I'm Canadian, so we pay sales tax on any parcel with a declared value over $20, plus $5 to Canada customs/border services for the privilege of having that tax collected from us. But because this amount is so laughably low, customs officials will often let smaller value packages slide, so something that's $25 or $30 will very rarely be taxed, something declared as $40 has a fair chance of being taxed, but might slip through, and something that's $60 (still unreasonably low, IMO) will almost certainly be taxed.
Now if you have something sent by courier (UPS, FedEx, DHL), you're also liable for brokerage fees. Which is the fee they charge for "brokering" your parcel to get it across the border (ie. Paperwork). These fees typically range from 10 to 20% of the declared value.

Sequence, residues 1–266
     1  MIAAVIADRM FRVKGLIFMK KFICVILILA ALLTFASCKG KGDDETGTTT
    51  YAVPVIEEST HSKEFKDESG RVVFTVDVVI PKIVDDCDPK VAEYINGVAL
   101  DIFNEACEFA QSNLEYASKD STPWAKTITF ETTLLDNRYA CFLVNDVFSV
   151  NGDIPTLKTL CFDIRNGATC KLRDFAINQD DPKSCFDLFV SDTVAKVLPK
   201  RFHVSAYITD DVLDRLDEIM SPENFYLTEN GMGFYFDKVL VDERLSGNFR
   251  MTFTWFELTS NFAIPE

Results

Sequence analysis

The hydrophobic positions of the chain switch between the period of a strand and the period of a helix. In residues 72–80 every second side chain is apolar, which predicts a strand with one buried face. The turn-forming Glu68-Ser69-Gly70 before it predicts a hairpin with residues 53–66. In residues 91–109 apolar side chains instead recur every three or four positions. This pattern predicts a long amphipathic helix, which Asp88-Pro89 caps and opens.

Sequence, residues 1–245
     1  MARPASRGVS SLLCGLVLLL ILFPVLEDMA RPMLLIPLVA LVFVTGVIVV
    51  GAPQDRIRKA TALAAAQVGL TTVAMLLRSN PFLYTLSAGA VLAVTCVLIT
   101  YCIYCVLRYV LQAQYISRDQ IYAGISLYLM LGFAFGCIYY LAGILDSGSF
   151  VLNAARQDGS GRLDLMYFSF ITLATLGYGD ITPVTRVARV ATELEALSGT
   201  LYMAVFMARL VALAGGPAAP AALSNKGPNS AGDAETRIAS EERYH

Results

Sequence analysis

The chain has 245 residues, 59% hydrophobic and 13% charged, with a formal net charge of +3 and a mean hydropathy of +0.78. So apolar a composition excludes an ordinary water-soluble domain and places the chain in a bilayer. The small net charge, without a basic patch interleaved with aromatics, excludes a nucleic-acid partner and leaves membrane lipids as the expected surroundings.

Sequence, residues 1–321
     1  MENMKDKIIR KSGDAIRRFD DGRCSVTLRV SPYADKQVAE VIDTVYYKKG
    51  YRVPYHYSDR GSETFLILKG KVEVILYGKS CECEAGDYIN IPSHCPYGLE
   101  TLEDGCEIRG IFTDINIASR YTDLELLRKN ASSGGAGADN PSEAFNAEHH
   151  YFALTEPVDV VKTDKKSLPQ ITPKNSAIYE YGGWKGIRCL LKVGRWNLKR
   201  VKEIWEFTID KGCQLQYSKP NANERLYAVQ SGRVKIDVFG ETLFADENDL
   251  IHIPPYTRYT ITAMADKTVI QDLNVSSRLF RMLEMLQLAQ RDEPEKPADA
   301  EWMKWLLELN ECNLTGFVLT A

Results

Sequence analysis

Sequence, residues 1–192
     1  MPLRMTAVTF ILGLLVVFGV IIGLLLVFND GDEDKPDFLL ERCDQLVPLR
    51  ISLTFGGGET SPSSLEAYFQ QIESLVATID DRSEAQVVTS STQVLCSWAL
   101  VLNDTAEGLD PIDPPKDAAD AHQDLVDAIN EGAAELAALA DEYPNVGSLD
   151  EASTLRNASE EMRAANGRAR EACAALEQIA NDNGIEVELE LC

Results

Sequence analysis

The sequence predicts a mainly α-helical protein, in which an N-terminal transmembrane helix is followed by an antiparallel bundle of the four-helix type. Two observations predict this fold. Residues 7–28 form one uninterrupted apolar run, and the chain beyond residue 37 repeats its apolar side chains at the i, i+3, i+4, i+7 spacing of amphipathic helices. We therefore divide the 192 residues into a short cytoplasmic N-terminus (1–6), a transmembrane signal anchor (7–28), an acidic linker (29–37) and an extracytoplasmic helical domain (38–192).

For comparison, in the US a parcel can have a maximum declared value of $200 before there are duties.
So I'm planning of making an order with Fan plus friend. I've chosen 5 dresses and 3 shirts, so there is pretty much no way I can avoid customs by keeping the value of the package low (although, even if I bought each dress one at a time and paid shipping separately, I'd still probably end up being taxed.)
And to add insult to injury, Fan plus friend only appear to ship with UPS, meaning I'll also be liable for a brokerage fee.
But I noticed on the F+F website that they say "we can mark your package as low value to avoid possible custom taxes." Which, at least in my country, is illegal. It's kind of difficult for customs to catch, but if they do they can (a) Guess the value and charge you whatever tax they think is fair (b) refuse to let the package clear (c) heavily scrutinize future packages.
I know some companies will designate part of their price as "consulting fees" or "service charges" so that they can still charge the price they charge, but the declared value will be significantly lower. So it's kind of a gray area/loophole.
Anyway, anyone have any experience ordering with fanplusfriend? Do you remember what the declared value of the package was vs. the price you paid for the goods?